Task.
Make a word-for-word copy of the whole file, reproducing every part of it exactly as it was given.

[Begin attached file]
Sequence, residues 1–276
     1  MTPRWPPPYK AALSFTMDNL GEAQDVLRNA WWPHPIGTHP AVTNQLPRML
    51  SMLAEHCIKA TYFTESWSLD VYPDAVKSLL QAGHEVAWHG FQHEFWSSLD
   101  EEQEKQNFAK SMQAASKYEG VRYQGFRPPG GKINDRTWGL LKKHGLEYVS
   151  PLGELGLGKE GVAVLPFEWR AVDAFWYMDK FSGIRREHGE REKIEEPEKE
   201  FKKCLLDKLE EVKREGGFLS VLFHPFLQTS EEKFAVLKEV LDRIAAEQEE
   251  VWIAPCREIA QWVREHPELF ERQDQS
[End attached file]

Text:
Sequence, residues 1–276
     1  MTPRWPPPYK AALSFTMDNL GEAQDVLRNA WWPHPIGTHP AVTNQLPRML
    51  SMLAEHCIKA TYFTESWSLD VYPDAVKSLL QAGHEVAWHG FQHEFWSSLD
   101  EEQEKQNFAK SMQAASKYEG VRYQGFRPPG GKINDRTWGL LKKHGLEYVS
   151  PLGELGLGKE GVAVLPFEWR AVDAFWYMDK FSGIRREHGE REKIEEPEKE
   201  FKKCLLDKLE EVKREGGFLS VLFHPFLQTS EEKFAVLKEV LDRIAAEQEE
   251  VWIAPCREIA QWVREHPELF ERQDQS